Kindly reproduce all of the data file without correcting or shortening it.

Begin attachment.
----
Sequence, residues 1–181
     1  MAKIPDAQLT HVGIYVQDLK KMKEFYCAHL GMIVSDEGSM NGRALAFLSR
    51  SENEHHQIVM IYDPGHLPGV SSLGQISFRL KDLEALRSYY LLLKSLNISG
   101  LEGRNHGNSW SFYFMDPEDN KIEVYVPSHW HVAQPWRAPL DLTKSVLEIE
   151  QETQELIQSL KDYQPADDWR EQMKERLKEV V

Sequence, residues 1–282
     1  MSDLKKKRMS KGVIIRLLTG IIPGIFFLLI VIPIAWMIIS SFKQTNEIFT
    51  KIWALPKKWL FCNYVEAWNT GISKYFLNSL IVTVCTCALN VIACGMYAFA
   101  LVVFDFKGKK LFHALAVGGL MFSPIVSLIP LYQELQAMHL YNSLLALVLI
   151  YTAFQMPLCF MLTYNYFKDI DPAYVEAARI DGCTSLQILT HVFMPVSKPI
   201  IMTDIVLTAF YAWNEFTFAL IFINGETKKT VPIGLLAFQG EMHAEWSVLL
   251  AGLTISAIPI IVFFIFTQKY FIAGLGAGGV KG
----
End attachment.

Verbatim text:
Sequence, residues 1–181
     1  MAKIPDAQLT HVGIYVQDLK KMKEFYCAHL GMIVSDEGSM NGRALAFLSR
    51  SENEHHQIVM IYDPGHLPGV SSLGQISFRL KDLEALRSYY LLLKSLNISG
   101  LEGRNHGNSW SFYFMDPEDN KIEVYVPSHW HVAQPWRAPL DLTKSVLEIE
   151  QETQELIQSL KDYQPADDWR EQMKERLKEV V

Sequence, residues 1–282
     1  MSDLKKKRMS KGVIIRLLTG IIPGIFFLLI VIPIAWMIIS SFKQTNEIFT
    51  KIWALPKKWL FCNYVEAWNT GISKYFLNSL IVTVCTCALN VIACGMYAFA
   101  LVVFDFKGKK LFHALAVGGL MFSPIVSLIP LYQELQAMHL YNSLLALVLI
   151  YTAFQMPLCF MLTYNYFKDI DPAYVEAARI DGCTSLQILT HVFMPVSKPI
   201  IMTDIVLTAF YAWNEFTFAL IFINGETKKT VPIGLLAFQG EMHAEWSVLL
   251  AGLTISAIPI IVFFIFTQKY FIAGLGAGGV KG